• The next version of a “normative” or “draft standard for trial use (DSTU)” (or equivalently labeled) standard or implementation specification is published and its prior version is included as a best available standard for a given purpose.

Overall, ONC expects some stakeholders to disagree with a standard or implementation specification listed as the “best available” in the 2015 Advisory for a specific purpose, with the omission of a standard or implementation specification, or with the inclusion of “competing” standards or implementation specifications. This disagreement is welcome and supported by the process (discussed in Section VI) through which ample time and opportunity for public comment and dialogue will be provided to improve this advisory for the future. Additionally, if stakeholders have suggestions for other characteristics, Section V includes questions related to the Interoperability Standards Advisory as a whole.

Additional Factors Affecting Best Available Determinations

The characteristics above serve as the primary basis on which a “best available” determination was made for the 2015 Advisory. However, a few additional factors contributed to the overall determination.

  • Timelines & Availability – The Interoperability Standards Advisory is meant to reflect the current state of available standards and implementations specifications that stakeholders could adopt, implement, and use within that calendar year for a specific purpose for which interoperability is necessary. As a counter example, next year’s 2016 Advisory would not include a standard or implementation in the process of being developed and expected to be ready during 2016. Instead the 2017 Advisory would be the next available opportunity for that standard or implementation specification to be listed.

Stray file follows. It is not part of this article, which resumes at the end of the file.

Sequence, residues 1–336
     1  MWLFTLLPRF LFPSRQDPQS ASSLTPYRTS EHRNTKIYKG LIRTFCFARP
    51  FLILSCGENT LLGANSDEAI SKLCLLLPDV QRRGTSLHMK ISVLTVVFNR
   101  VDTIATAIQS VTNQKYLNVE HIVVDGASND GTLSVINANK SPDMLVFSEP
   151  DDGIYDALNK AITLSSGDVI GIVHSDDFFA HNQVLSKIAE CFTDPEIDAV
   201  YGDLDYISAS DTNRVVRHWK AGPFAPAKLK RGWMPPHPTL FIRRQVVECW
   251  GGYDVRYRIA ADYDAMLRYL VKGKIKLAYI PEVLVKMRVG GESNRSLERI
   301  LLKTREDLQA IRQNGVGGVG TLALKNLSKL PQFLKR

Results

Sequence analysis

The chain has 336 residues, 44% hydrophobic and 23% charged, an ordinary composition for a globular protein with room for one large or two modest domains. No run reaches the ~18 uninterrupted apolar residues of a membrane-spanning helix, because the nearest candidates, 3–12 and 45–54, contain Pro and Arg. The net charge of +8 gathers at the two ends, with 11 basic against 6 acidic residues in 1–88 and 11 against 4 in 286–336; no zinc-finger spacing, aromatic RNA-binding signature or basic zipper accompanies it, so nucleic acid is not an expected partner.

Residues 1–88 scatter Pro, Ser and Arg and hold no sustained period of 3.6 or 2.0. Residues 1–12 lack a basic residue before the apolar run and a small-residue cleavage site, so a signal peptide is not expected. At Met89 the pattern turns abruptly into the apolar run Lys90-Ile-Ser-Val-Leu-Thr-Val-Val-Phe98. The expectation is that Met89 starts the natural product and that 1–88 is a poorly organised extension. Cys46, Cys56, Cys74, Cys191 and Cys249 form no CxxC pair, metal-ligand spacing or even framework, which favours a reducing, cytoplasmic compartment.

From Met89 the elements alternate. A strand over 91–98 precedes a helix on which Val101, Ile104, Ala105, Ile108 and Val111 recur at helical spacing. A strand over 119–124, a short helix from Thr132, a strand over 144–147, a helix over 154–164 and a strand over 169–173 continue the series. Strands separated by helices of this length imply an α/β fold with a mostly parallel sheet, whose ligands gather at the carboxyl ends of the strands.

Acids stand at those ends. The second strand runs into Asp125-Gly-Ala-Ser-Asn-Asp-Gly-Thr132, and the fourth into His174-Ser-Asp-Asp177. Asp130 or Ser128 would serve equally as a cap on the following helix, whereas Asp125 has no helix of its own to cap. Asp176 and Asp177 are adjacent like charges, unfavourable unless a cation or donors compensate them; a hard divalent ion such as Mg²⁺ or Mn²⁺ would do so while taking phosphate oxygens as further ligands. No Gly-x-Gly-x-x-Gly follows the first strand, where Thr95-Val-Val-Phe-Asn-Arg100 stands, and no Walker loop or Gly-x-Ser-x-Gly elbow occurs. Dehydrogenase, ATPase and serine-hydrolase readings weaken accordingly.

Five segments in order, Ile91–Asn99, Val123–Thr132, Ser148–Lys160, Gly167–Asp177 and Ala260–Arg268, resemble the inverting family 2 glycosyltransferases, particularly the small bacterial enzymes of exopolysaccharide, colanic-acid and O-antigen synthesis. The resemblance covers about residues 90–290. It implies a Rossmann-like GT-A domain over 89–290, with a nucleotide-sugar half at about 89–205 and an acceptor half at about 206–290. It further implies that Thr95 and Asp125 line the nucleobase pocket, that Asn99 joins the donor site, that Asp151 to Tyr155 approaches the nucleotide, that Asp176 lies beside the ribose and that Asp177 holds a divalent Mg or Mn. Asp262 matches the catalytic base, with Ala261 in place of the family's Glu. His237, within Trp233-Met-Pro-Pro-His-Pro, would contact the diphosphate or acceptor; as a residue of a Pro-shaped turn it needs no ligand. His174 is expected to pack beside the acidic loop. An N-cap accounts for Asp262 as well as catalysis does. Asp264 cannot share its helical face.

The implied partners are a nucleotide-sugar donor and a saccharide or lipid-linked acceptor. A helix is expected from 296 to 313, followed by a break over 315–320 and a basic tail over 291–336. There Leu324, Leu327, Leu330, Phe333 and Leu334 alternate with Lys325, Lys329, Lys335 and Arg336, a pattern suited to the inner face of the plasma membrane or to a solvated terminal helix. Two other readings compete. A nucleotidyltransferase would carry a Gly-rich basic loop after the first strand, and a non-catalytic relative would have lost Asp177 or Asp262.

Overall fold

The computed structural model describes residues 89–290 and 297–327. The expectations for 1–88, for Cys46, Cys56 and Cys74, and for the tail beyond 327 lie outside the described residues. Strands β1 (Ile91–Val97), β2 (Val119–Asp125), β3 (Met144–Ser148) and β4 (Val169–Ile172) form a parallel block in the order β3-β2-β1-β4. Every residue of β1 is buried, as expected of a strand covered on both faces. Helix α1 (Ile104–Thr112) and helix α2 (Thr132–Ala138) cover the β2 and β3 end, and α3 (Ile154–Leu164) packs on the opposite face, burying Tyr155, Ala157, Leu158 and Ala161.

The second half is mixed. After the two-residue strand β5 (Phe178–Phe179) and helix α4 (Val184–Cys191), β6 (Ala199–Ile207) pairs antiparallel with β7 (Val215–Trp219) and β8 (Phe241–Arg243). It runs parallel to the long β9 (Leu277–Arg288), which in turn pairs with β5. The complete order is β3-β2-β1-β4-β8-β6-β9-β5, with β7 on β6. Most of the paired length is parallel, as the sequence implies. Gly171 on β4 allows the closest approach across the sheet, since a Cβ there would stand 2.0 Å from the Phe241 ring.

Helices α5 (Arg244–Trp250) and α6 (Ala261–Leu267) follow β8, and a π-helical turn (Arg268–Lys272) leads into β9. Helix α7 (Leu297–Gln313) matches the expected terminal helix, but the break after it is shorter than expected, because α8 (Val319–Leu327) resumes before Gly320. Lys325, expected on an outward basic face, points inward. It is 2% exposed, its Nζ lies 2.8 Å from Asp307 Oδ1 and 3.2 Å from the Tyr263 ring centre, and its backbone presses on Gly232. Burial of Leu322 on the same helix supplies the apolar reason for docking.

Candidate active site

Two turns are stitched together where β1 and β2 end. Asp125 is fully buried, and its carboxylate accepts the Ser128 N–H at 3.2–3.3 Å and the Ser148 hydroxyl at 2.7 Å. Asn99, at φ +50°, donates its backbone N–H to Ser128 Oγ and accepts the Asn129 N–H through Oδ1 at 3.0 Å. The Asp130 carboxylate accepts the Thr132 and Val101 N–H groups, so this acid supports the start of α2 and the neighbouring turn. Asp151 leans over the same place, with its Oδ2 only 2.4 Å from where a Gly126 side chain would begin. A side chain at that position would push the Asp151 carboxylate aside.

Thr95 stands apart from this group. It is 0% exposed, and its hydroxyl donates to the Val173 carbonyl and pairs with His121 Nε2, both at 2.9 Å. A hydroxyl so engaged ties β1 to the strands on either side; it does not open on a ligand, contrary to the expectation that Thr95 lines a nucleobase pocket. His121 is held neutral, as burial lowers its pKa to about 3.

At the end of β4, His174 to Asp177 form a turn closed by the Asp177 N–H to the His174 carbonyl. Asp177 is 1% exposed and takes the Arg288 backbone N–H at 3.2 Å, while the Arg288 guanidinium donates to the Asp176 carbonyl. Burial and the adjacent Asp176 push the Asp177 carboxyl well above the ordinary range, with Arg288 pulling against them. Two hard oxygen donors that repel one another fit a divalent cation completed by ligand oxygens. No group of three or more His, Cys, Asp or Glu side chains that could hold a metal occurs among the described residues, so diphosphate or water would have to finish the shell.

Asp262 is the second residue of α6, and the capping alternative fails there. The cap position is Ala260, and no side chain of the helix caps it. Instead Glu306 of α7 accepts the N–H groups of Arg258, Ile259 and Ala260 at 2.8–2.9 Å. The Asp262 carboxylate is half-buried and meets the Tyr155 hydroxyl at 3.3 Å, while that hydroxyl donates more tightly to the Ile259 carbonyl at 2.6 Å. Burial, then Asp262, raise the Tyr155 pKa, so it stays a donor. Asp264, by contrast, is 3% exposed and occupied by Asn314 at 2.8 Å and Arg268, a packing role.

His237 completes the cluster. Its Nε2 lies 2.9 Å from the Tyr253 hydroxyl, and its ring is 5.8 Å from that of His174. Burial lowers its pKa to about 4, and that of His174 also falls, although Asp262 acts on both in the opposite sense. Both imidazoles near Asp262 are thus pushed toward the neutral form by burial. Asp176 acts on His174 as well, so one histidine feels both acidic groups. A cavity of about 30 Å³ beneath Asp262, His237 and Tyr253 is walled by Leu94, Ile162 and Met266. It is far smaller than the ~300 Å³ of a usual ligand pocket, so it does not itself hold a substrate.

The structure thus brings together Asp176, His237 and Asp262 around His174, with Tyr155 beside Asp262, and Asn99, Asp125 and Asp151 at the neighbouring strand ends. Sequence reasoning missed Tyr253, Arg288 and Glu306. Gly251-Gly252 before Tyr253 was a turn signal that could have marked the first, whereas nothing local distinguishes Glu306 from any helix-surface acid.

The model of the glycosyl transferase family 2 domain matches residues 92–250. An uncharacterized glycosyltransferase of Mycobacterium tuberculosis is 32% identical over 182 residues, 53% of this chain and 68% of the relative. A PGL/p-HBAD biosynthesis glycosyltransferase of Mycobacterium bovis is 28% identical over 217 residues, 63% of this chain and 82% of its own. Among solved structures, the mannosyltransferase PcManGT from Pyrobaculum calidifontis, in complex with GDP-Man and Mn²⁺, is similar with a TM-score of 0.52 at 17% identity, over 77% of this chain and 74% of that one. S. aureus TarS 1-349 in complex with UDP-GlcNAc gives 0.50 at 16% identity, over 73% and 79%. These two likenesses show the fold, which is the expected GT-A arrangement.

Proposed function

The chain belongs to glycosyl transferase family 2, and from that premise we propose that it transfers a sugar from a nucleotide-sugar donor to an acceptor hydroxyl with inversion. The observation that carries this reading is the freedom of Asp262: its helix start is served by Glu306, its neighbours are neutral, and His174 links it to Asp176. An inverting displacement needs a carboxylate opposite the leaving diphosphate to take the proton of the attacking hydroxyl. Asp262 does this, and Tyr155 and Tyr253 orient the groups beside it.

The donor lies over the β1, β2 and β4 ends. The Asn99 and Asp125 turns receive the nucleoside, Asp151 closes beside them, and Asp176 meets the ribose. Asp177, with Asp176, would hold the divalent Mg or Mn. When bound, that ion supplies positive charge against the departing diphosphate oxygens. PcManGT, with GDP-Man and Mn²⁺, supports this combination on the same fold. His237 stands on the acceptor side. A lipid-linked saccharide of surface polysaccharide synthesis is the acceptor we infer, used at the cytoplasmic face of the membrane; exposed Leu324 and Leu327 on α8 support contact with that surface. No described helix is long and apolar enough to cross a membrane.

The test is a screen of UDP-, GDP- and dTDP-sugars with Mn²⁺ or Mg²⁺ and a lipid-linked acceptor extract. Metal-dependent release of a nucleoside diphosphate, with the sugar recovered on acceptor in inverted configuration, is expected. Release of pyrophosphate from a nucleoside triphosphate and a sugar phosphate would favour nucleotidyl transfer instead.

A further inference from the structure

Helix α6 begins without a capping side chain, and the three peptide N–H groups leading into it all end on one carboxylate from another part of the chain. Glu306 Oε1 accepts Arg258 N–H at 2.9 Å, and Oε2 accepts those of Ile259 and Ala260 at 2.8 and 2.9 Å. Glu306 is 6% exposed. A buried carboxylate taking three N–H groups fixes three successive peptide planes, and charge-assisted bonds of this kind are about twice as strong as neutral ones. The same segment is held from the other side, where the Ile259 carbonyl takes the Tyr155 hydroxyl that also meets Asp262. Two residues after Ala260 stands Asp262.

• Stability & Adoptability – If a standard or implementation specification is “new” it should not be automatically excluded from consideration as a best available standard or implementation specification. The “stability” of the standard or implementation specification plays an important role in its overall adoptability. In other words, “new” standards and implementation specifications will be open for consideration and inclusion in an Interoperability Standards Advisory so long as a version of the standard or implementation specification is available and not undergoing substantive changes or corrections.

Distinguishing between a Standard and an Implementation Specification

In general, an “implementation specification” is a set of specific constraints, instructions, or requirements that provide additional detail on how to implement a standard to achieve a specific purpose. For instance, many public health reporting purposes use the HL7 2.5.1 standard. But that standard alone is insufficient to achieve interoperability for a specific public health reporting purpose. Thus, for each purpose, an accompanying implementation guide is necessary that includes unique implementation requirements to assure interoperability can be achieved for that purpose (e.g., HL7 2.5.1 standard + immunization reporting implementation guide). In some cases, a “standard” may have “implementation guide” or “implementation specification” in its title. To the degree that there is a clear “parent” standard for an implementation specification, the “parent” standard is listed as the “standard” and all other derivatives are listed as an implementation specification.